Service demand up

Jon Beccarelli, 32, felt embarrassed when he walked into Share our Selves’ medical clinic in Costa Mesa on Friday.

Beccarelli, who has a serious, long-standing thyroid condition, has relied on company health insurance to pay for his treatment for years; but he recently lost his sales job when his employer, Wickes Furniture, went out of business.

To get his prescription medication, Beccarelli sought a doctor at Share our Selves, a local nonprofit whose volunteers offer free social, medical and dental services. He sat in the waiting room among area homeless and longtime urban poor.

“I felt strange, like I was on food stamps or something,” Beccarelli said.

But Patrick Chen, a physician and associate director of the clinic, said white-collar workers have become an increasingly common sight in his office since the financial crisis.

Chen said he often has personal conversations with his patients and that he has heard a surprising number of anecdotes from workers in the mortgage industry, the financial sector and all other parts of the economy that took a hit.

Just the other day a diabetic man walked into his office wearing a collared shirt and a tie, Chen said.

The man had been working as a loan compliance officer for Countrywide Financial before being laid off, and he was having a hard time wrapping his head around his new situation, Chen said.

“He kept saying, ‘I can’t believe I’m actually here,’ ” Chen recalled.

In the last three months, the number of walk-ins at the Share our Selves medical clinic has increased by 10.3%, which is significant and out of the ordinary, Chen said.

And unlike most industries where the demand drops as the economy flounders, the demand for charitable services increases drastically as money becomes tighter, which is squeezing Share our Selves from both sides.

Development Director Karen Harrington estimates that when the numbers are run, the charity will have taken in about 15 to 20% less money this fiscal quarter, which ends Friday, than it did during the same quarter last year.

“Our supporters live in the same economy as our clients, and everyone has to pay attention and watch where their dollar goes,” Harrington said. “So it’s going to be a tough year.”

Although many of the recently laid-off workers receiving treatment at Share our Selves’ clinic say they have gotten over their initial shame at having to rely on the charity, some are concerned that it might be a while before they can get on their feet and pay for their own treatment.

Beccarelli says he’s been frantically looking for jobs in retail and sales. Despite his 16 years of retail experience, he says, he is continually turned down.

David Molino, 54, is in a similar boat. He has been going to Share our Selves for months to get treatment for severe sleep apnea and high blood pressure.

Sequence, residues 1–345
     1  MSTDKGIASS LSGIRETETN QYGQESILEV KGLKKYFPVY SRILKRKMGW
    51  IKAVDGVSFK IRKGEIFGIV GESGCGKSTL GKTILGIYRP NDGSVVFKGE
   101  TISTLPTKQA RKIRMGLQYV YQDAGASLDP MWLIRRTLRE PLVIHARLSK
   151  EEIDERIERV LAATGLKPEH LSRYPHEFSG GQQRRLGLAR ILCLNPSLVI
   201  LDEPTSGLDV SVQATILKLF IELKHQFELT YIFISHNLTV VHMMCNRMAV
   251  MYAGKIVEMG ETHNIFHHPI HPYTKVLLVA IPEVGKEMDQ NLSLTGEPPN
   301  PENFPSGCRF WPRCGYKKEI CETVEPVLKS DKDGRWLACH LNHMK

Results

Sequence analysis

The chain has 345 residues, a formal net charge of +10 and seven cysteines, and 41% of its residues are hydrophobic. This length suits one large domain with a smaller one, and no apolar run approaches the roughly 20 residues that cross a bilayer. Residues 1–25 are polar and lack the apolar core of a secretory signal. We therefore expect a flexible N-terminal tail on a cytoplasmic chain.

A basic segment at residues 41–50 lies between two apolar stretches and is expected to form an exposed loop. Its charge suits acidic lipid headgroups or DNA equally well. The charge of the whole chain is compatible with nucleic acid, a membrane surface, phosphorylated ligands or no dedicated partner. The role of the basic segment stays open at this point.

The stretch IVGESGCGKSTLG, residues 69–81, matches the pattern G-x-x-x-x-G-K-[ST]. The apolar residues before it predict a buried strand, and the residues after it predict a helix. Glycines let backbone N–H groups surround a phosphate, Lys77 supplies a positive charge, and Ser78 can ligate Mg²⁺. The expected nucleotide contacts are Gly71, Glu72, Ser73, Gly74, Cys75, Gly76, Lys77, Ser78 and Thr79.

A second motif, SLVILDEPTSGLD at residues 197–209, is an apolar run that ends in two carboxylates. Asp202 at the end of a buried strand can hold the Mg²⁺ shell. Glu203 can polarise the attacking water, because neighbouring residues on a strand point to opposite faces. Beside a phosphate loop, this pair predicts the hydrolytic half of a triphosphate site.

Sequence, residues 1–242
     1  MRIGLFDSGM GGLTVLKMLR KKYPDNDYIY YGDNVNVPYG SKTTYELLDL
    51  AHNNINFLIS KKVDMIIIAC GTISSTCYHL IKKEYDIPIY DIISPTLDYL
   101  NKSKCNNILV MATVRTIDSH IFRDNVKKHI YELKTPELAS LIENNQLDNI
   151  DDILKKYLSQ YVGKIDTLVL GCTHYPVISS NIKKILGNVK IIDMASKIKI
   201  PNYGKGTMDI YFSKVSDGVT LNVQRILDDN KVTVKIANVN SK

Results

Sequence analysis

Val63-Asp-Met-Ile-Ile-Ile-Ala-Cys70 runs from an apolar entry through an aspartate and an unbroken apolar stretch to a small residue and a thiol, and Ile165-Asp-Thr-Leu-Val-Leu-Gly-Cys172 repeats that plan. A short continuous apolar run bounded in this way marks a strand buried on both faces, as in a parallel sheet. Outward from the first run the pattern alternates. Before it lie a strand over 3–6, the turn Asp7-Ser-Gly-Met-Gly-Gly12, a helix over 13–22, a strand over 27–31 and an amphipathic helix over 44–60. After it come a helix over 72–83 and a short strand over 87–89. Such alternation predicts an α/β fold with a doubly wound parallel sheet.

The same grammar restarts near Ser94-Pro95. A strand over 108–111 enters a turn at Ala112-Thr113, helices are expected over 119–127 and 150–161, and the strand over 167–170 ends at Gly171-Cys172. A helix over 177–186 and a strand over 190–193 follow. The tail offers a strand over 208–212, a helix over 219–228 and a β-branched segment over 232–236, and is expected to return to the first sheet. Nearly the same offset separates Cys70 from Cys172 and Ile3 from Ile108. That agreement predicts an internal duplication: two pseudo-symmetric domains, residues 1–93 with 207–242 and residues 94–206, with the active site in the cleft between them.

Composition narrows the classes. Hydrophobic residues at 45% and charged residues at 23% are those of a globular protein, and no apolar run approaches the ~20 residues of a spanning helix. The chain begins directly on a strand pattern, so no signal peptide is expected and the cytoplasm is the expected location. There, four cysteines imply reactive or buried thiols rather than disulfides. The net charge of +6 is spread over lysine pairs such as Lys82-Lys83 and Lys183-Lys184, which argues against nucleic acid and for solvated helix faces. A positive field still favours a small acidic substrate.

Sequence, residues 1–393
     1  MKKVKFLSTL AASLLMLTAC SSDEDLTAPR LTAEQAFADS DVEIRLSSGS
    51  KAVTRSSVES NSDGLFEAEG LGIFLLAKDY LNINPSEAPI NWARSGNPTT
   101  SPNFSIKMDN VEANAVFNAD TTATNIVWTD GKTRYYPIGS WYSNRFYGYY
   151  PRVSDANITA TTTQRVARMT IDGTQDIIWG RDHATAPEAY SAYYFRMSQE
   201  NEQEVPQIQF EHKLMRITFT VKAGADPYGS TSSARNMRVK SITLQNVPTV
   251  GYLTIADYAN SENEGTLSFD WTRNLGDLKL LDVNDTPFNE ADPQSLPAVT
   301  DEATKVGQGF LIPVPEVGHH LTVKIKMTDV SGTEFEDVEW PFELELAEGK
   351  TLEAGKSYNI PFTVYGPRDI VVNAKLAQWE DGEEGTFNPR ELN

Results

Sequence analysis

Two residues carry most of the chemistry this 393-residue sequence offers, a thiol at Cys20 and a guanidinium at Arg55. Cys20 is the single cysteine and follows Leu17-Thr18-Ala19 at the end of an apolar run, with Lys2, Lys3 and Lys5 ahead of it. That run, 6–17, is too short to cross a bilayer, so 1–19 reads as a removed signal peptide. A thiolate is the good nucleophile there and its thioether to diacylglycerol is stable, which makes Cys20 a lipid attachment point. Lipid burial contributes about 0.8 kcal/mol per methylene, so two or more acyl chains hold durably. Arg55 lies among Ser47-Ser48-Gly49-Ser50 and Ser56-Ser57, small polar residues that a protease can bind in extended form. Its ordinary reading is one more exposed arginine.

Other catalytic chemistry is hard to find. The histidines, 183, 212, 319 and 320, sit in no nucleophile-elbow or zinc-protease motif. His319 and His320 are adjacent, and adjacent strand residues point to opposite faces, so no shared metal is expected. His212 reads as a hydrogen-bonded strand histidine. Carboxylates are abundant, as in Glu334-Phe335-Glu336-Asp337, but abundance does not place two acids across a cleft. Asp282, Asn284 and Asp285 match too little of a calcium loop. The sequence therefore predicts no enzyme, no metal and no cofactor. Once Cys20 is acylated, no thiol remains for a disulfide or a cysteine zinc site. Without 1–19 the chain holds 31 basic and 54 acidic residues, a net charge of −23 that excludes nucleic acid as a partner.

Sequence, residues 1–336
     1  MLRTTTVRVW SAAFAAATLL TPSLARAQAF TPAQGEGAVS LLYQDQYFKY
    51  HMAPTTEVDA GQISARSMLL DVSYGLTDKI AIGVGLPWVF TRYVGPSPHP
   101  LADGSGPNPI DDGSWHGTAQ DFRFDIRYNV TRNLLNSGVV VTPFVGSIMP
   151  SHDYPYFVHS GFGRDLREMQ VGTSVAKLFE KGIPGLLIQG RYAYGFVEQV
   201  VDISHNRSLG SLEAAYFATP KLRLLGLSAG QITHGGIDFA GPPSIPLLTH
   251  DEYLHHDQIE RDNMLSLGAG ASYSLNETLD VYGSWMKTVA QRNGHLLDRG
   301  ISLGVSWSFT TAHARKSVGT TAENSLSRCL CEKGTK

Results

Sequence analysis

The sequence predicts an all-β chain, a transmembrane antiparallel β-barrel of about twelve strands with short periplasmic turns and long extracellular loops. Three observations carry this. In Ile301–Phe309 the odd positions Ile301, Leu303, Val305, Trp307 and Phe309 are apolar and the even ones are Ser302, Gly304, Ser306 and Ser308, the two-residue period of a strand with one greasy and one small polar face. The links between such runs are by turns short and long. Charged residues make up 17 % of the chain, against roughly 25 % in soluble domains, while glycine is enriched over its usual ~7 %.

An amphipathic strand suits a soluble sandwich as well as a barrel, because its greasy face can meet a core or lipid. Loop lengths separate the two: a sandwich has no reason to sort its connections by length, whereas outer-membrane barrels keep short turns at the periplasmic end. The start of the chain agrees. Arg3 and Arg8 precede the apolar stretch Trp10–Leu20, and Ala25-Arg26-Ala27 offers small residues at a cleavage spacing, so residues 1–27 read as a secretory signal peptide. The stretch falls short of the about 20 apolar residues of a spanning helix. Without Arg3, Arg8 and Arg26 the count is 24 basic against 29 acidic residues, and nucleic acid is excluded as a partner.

The cordial man’s pride is evident in his voice, and he says it was hard for him to put that pride aside and make an appointment at the clinic.

Molino describes himself as a staunch Republican who adamantly believes that everyone should work for what they get and not rely on the generosity of others to carry them, but after losing his job he can’t see an end to his visits to Share our Selves.

Earlier this year the company that employed him, which makes wrought iron wall decorations for sale at the Costa Mesa swap meet, reduced its staff from 15 full-time workers to two because of a steep decline in demand for non-essential goods.

“I don’t know what I’m going to do,” Molino said. “Being 54 years old, I thought I could get a driving job or something, just to pay the bills, but there’s nothing out there.”

Even if he needs to rely on the clinic for his medications, though, Molino says he has committed to losing weight so that he doesn’t have as many medical problems to treat.

Aside from cases like Beccarelli, who had health insurance from his employer before losing his job, many of the new clients of the clinic didn’t have health insurance even when they were employed, but they used to be able to pay their modest medical bills out of their salary.

Individual donations are intimately tied to the economy, so Harrington doesn’t expect money to start pouring in from people around the community until things get better.

As a result, she says she has been pursuing more funding from outside sources like healthcare agencies and nonprofits.

“Contributions are not down enough to where I’m panicking, but it’s going to be tight,” Harrington said.


ALAN BLANK may be reached at (714) 966-4623 or at alan.blank@latimes.com.

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